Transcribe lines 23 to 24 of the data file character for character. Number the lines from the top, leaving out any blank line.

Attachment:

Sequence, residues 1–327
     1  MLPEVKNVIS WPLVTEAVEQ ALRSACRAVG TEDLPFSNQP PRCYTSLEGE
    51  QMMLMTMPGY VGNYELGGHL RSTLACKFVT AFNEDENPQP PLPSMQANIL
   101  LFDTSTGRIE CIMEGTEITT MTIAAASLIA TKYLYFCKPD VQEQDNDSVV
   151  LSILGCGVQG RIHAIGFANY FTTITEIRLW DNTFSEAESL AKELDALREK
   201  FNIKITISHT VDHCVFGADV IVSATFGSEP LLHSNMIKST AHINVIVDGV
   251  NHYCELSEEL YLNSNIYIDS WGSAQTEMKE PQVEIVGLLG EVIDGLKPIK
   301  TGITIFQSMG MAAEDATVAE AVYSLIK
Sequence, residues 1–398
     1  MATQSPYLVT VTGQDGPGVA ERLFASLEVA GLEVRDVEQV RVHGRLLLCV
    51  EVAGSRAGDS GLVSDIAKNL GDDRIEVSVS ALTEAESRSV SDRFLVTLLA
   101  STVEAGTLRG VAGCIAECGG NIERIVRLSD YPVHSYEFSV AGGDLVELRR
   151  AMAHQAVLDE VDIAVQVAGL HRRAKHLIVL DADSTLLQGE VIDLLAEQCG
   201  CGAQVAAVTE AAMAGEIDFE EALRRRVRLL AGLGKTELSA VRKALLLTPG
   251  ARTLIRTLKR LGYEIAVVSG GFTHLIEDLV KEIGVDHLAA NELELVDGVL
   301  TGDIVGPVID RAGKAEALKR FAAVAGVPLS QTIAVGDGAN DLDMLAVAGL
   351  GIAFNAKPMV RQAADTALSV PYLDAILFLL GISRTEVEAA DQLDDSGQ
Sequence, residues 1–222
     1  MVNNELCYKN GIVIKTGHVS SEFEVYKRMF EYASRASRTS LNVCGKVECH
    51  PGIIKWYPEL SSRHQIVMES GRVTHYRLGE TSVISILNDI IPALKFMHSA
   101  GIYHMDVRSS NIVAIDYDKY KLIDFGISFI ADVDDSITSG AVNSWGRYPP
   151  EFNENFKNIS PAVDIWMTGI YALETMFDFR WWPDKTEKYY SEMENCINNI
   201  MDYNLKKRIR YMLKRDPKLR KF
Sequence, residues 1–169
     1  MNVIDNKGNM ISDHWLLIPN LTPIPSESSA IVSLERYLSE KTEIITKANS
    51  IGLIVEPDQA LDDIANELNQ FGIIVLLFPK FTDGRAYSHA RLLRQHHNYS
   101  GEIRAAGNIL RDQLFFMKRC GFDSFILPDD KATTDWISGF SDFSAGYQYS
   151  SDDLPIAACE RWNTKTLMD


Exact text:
   201  MDYNLKKRIR YMLKRDPKLR KF
Sequence, residues 1–169